When Tesla (TSLA) wrapped its long-awaited “AI Day,” it left much of Wall Street bemused. In addition to discussions of supercomputers semiconductors and 3-D modeled highways, Tesla said it would be building a humanoid robot from the ground up next year — a timeline that Wells Fargo analyst Colin Langan called “optimistic,” and a distraction that Wedbush analyst Daniel Ives termed “an absolute head scratcher” in light of rising competition in Tesla’s core electric car business.
But at least one analyst was impressed.
In a report heavy on compliments, but almost entirely devoid of numbers, Deutsche Bank analyst Emmanuel Rosner praised Tesla for setting forth a “bold vision” of where it will be going in the future.
Beginning with automobiles, Rosner noted that Tesla seems to have committed entirely to running its autonomous driving software off of data provided by cameras. The company has famously dismissed the use of LiDAR in autonomous navigation, and ditched the use of radar earlier this year. Instead, Tesla will use data from cameras alone to model the “3D vector space” surrounding its cars. To do this, the cars’ computers will “seamlessly” merge camera sensor data “before detection,” then apply machine learning to determine what they have detected, and only then make a decision about what to do with this data (e.g. brake, accelerate, turn). Moreover, Tesla’s cars will attempt to incorporate into their models the “fourth dimension” — time — to create a vector and anticipate where a given 3D object, once detected, is moving to.
Rosner finds all of this “impressive” and says it “should enable a much more robust platform for end-to-end autonomous driving.” In particular, Tesla’s product should be more robust than those offered by “most competitors,” which as Rosner observes, “are still working off 2D images” for their own autonomous driving software.
Back at the ranch, Tesla has 1,000 employees, Rosner notes, who are tasked with “labeling” all of the objects being detected by its cars for use in improving the software. They’re also using all of this data to build “2k miles of simulated road” for use in continued training of the AI that runs Tesla’s cars.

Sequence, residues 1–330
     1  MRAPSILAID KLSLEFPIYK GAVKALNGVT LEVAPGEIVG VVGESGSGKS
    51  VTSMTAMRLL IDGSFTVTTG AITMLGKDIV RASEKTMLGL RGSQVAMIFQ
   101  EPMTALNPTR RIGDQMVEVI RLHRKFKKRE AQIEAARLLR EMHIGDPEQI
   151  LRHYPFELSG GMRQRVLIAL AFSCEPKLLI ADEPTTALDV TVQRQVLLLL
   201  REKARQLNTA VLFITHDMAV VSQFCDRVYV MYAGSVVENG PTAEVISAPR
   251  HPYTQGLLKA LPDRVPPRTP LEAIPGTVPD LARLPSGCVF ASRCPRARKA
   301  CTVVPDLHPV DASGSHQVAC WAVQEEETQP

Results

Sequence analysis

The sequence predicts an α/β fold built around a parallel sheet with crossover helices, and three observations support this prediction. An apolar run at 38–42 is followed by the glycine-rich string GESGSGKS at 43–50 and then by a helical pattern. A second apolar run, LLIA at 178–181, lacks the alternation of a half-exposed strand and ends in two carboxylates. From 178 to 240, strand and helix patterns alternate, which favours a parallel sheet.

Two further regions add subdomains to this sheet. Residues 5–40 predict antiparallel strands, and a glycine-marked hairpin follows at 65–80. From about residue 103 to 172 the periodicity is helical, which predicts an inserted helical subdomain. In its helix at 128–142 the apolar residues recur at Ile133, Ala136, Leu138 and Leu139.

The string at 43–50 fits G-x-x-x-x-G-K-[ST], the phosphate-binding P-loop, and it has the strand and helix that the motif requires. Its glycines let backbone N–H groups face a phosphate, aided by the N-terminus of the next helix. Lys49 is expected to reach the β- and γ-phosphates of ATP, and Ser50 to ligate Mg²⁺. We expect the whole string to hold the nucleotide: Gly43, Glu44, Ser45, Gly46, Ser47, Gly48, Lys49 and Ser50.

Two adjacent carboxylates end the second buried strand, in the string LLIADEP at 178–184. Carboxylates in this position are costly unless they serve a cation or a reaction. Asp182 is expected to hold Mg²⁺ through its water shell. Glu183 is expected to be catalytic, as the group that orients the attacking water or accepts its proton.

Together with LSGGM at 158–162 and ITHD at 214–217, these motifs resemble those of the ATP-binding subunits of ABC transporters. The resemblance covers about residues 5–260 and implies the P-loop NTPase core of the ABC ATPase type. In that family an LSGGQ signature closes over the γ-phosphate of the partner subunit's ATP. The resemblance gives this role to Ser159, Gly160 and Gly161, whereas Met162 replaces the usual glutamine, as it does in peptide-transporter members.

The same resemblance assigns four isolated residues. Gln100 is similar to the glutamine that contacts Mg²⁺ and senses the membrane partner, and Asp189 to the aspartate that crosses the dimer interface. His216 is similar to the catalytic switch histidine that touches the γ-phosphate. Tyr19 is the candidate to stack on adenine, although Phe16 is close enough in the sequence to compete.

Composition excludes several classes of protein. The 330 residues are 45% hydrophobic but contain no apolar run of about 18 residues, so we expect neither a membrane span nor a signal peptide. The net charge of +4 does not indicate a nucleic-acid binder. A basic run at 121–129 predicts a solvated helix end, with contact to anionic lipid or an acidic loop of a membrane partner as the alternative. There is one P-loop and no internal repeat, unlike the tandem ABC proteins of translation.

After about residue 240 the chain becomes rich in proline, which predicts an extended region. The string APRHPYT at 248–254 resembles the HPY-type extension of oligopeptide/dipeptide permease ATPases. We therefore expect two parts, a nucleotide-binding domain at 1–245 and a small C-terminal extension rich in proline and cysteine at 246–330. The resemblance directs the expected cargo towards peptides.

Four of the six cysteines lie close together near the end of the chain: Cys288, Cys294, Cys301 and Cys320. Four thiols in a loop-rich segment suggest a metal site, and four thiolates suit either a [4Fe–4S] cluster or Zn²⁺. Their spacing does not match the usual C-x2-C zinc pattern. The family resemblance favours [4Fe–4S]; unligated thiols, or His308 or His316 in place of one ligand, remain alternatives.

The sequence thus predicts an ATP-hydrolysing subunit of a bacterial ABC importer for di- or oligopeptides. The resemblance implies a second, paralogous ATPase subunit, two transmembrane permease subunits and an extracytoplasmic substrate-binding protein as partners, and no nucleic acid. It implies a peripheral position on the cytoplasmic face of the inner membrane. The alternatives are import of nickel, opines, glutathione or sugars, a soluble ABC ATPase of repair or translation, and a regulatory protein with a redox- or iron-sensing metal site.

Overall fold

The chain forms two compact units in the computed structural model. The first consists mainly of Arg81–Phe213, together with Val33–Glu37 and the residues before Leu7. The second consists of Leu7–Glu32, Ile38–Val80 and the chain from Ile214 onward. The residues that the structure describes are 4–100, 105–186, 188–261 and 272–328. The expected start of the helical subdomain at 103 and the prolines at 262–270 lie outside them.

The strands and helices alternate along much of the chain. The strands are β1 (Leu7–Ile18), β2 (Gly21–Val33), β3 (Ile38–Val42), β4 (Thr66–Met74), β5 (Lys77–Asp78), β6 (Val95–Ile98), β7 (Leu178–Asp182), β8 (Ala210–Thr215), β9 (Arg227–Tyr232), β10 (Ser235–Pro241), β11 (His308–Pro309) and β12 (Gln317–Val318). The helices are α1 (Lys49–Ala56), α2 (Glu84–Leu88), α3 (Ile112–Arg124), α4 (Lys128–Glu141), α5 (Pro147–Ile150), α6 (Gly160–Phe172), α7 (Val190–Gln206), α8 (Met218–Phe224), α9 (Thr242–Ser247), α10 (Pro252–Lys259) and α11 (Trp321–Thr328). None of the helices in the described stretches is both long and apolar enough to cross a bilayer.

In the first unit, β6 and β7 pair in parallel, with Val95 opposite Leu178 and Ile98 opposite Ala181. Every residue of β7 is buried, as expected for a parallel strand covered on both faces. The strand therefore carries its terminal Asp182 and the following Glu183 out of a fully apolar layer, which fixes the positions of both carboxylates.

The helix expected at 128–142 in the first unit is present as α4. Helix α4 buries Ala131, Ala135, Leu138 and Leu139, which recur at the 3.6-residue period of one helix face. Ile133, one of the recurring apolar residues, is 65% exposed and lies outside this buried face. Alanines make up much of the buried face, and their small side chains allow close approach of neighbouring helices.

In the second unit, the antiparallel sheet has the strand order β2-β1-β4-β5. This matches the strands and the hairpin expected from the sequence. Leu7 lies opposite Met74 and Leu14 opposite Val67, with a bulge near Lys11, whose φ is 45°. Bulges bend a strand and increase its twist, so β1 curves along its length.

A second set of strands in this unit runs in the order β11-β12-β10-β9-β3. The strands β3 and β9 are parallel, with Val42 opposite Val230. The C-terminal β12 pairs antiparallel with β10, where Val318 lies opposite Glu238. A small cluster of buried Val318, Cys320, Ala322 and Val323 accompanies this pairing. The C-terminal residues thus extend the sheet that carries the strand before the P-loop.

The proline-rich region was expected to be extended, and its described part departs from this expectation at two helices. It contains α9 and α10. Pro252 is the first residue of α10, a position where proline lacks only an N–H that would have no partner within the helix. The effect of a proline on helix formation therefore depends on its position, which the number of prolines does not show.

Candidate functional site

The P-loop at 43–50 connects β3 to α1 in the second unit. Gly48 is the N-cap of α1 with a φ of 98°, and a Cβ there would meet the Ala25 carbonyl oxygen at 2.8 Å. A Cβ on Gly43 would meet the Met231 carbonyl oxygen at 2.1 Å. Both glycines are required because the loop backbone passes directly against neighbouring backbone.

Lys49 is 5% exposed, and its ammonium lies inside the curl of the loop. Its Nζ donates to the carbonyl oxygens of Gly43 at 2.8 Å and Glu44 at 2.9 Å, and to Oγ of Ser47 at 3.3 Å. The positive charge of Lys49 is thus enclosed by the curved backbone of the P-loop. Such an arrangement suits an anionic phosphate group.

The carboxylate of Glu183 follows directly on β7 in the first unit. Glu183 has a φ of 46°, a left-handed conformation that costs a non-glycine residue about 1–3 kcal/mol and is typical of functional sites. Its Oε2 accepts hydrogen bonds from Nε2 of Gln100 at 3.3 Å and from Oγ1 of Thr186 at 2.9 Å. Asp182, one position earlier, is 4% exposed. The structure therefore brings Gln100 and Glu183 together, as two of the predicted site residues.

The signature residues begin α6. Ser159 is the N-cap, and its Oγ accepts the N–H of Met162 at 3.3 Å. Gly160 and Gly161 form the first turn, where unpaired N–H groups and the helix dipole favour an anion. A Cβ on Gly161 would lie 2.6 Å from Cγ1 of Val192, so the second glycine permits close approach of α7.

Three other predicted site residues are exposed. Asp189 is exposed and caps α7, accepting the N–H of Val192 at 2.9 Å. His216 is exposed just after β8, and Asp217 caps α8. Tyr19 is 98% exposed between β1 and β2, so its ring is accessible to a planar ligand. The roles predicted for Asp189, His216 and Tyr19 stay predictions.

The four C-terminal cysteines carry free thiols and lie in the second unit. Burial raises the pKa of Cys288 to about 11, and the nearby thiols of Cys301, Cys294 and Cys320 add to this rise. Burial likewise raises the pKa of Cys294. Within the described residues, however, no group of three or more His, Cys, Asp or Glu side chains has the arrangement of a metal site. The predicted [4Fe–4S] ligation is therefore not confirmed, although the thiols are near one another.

And in that regard, Rosner notes that Tesla is using “custom built D1 chips” connected to form its Dojo supercomputer to train the AI. Ultimately, says the analyst, this supercomputer could give Tesla the ability to sell “AI training as a service” to other companies — much like Amazon.com developed server capacity for its own use initially, and then built it out into the gigantic AWS business that is by now by far its most profitable subsidiary.
“But what about the robot,” you ask? And yes, clearly this was the highlight of Tesla’s presentation last week — a 5′ 8″, 125 lb. androgynous bot that Rosner describes as “friendly” and “not able to overpower or outrun the average person.” Rosner didn’t go much beyond briefly sketching out what the Tesla Bot is, however, and what it will do (i.e. “boring/repetitive tasks). He did note, however, that the Tesla Bot is probably part of “a much longer term endeavor,” implying that even he isn’t confident about the robot being ready for primetime by next year.
In the meantime, though, Rosner still recommends buying Tesla stock, and keeps a $900 target price on the shares. (To watch Rosner’s track record, click here)
Granted, not everyone is as enthusiastic about TSLA as Deutsche Bank. Overall, Beyond Meat has 25 recent analyst ratings, including 12 “buys,” 7 “holds,” and 6 “sells,” adding up to a consensus view of Hold on the stock. Share are selling for $701.16, and the the $697.90 average price target suggests they will stay range bound for the foreseeable future. (See TSLA stock analysis on TipRanks)
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Disclaimer: The opinions expressed in this article are solely those of the featured analysts. The content is intended to be used for informational purposes only. It is very important to do your own analysis before making any investment.
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